My Resources

Emily Roe

How has your employer helped you to do well at your workplace?

Before joining the internship, BofA Merrill’s HR team made sure that things were put in place for me, so that when I arrived, the relevant people were already aware of my disability. That saved needing to have a potentially awkward conversation on the first day.

They also made sure I had the systems on my computer that I needed for dyslexia – for example one that you talk to and it types for you, and vice versa. Physical modifications were needed for my chair too; as I only have one arm, so, if I don’t sit correctly, I can get chronic backache. I met with occupational health, knowing I could follow up with HR if I needed to. I’ve found everyone at the bank to be very open. Not many people have come across someone with one arm; it’s a rare disability to have, and the BofA Merrill team have been very accommodating with looking into different ways to help me and make my life easier.

What advice or top tips would you offer?

If you have a disability, accept that it’s what makes you special, and that’s who you are. I would also advise you to be very open about it. The more transparent you are about your disability, the more people are able to provide the support you need in order to succeed in your career. If you don’t discuss your disability, your employer won’t know how to support you and to enable you to shine in your strengths. At BofAMerrill in particular they are very open to discussing ways in which they can help employees with disabilities.

How did BofA Merrill help you through the application process?

Their Occupational Health and HR teams ensure that everything is in place prior to each stage. If you decide to disclose your disability before you take the on-line test, they’ll make sure that any adjustments are made for the interview process. So when you arrive, you feel on par with everyone else, like you should. During the assessment centre, HR was always in contact with me. They made sure they knew exactly what I needed to be done, and there was always someone I could contact with any questions, problems or worries about the application process. That was a massive help, because it’s so nice to have a point of contact you can openly talk to.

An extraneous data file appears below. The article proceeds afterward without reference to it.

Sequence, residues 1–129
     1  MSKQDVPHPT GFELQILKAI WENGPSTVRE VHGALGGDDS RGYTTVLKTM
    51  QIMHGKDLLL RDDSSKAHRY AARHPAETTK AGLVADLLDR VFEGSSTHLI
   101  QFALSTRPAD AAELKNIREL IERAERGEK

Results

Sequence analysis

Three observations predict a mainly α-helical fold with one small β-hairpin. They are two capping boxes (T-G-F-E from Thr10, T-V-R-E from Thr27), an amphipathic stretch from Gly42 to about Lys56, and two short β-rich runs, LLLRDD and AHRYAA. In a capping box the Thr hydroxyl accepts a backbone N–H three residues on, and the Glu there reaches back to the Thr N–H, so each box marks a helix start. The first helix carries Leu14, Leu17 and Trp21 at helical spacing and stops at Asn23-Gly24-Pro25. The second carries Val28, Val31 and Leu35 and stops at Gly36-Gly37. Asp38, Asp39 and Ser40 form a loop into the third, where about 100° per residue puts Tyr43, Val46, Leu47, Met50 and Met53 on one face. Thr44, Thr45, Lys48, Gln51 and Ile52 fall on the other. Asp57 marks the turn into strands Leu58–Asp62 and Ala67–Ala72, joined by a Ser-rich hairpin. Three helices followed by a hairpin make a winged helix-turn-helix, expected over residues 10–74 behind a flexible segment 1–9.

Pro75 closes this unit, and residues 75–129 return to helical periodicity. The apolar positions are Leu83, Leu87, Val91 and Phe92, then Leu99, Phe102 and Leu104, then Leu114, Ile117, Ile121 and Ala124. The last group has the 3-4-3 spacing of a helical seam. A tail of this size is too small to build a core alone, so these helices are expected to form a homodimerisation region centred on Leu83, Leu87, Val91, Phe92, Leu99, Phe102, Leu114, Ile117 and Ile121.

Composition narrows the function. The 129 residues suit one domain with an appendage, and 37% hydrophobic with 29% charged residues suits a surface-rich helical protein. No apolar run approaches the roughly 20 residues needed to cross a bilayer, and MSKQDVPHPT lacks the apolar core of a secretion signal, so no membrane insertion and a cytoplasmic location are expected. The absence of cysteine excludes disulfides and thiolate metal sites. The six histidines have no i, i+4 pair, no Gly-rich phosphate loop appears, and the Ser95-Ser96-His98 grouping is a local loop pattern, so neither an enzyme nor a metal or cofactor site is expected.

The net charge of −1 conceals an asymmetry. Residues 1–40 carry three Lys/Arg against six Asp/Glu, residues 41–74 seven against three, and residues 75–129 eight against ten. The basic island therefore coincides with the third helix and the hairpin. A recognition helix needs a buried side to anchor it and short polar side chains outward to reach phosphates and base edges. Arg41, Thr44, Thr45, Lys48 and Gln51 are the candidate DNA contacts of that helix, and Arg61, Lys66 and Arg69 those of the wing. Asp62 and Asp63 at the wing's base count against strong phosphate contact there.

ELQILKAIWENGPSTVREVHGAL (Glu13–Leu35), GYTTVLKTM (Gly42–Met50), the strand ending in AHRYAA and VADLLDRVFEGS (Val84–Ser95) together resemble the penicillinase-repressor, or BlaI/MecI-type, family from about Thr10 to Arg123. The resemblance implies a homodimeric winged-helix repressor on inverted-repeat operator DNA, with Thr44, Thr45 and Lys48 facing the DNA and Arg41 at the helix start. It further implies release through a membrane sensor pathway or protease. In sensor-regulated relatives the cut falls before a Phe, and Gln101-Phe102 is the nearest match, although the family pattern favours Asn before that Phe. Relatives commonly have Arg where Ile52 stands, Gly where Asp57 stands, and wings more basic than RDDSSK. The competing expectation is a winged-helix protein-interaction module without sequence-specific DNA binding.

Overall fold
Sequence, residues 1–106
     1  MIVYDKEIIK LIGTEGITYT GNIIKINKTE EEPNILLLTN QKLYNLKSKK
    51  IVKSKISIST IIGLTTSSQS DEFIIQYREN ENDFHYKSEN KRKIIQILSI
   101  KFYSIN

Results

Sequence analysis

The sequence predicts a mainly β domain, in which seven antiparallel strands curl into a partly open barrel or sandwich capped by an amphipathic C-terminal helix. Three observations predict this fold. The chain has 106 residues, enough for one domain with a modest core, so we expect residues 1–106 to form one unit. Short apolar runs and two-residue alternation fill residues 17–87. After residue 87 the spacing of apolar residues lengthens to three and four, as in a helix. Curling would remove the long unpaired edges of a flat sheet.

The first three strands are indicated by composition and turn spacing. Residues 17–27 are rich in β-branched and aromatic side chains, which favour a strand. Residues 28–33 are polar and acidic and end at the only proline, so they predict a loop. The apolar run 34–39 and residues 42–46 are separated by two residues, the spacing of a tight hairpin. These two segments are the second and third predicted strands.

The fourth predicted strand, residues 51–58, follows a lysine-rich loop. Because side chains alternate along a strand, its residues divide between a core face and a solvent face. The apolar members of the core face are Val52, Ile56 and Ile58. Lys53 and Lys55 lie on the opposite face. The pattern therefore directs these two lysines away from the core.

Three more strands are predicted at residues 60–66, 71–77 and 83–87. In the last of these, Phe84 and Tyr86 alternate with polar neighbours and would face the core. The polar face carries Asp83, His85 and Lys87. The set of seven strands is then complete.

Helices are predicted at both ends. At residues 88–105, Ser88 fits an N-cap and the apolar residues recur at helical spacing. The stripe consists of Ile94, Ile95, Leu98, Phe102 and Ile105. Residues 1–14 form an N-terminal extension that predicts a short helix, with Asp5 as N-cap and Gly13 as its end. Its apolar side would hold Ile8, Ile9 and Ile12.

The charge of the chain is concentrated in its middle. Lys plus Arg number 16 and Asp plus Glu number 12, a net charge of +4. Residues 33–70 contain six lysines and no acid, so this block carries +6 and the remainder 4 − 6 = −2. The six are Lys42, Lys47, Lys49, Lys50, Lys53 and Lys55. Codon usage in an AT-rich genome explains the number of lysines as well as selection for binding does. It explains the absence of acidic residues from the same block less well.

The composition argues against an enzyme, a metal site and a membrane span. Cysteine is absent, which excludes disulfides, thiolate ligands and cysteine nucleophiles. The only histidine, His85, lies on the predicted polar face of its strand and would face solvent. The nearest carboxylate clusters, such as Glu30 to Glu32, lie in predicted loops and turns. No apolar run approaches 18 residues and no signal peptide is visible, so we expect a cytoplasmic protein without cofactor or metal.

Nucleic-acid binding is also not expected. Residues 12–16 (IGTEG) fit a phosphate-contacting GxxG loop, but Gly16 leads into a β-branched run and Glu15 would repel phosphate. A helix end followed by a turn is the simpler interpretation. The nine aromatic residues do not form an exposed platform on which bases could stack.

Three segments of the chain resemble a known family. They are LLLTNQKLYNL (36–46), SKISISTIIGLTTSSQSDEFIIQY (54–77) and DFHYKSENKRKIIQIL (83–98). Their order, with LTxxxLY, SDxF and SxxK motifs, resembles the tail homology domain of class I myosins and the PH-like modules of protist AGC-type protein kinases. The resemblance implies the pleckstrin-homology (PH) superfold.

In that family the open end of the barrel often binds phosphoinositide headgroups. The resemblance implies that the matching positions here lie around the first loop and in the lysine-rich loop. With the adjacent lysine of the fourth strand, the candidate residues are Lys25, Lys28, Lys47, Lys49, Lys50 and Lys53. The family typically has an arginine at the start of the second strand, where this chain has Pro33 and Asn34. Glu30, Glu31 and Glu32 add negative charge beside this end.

How did you get started in your career and what drew you to BofA Merrill?

My father encouraged me to do an economic and financial degree. When I started at University, I didn’t know much about the financial industry, and it wasn’t until I attended networking events and participated in internships that I came to realise how much variety there is in job roles in this sector. Attending the internships helped me to work out what roles I enjoyed the most and where I felt I had the greatest potential to thrive.

Having met many people from various institutions throughout my internships, the people and culture at BofA Merrill really stood out. What impressed me was their commitment to diversity and inclusion, team work and meritocracy. Everyone was extremely supportive, helpful and welcoming.

How do you manage your disability at work?

Having lived with my disability all my life, I am fortunate to know where my weaknesses are and how to prevent these from hindering me. However, it is inevitable that new challenges arise and my disability can put me at a slight disadvantage in certain circumstances. In these cases, I use my own initiative and assertiveness to ensure I recognise any potential challenges, then confidently express my concerns and make it clear what I require to overcome the challenge. The key is to be open and articulate about any concerns you might have.

BofA Merrill makes sure that any challenges or disadvantages are minimal. This is not only due to the network they have available to help you out with equipment etc but the people are what make the biggest difference to me. Everyone is understanding, supportive and enthusiastic to help you out in every way possible. Everyone is also very open and available to talk about issues you might have and help come up with solutions.

What advice would you give someone with dyslexia?

Never let your disability get you down and prevent you from achieving your ambitions. If anything, it should make you stronger and more determined to achieve your aspirations. Be as open as possible and don't be afraid to ask questions. Talk to people about it. Even though others around you may not have dyslexia and/or a disability, this doesn’t mean they can’t provide you with help and advice.

How would you describe the culture at BofA Merrill?

The culture is very unique. Everyone works as a team, and they all contribute and support one another to thrive and succeed. The commitment to diversity and inclusion is particularly evident and makes a big difference no matter who you are. Everyone is particularly friendly, helpful and supportive in every respect. Whether in regard to your personal development, disability or general day to day activities, everyone is friendly and willing to help.

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Emily Roe

Global Markets Analyst

Year Joined / Path : 2013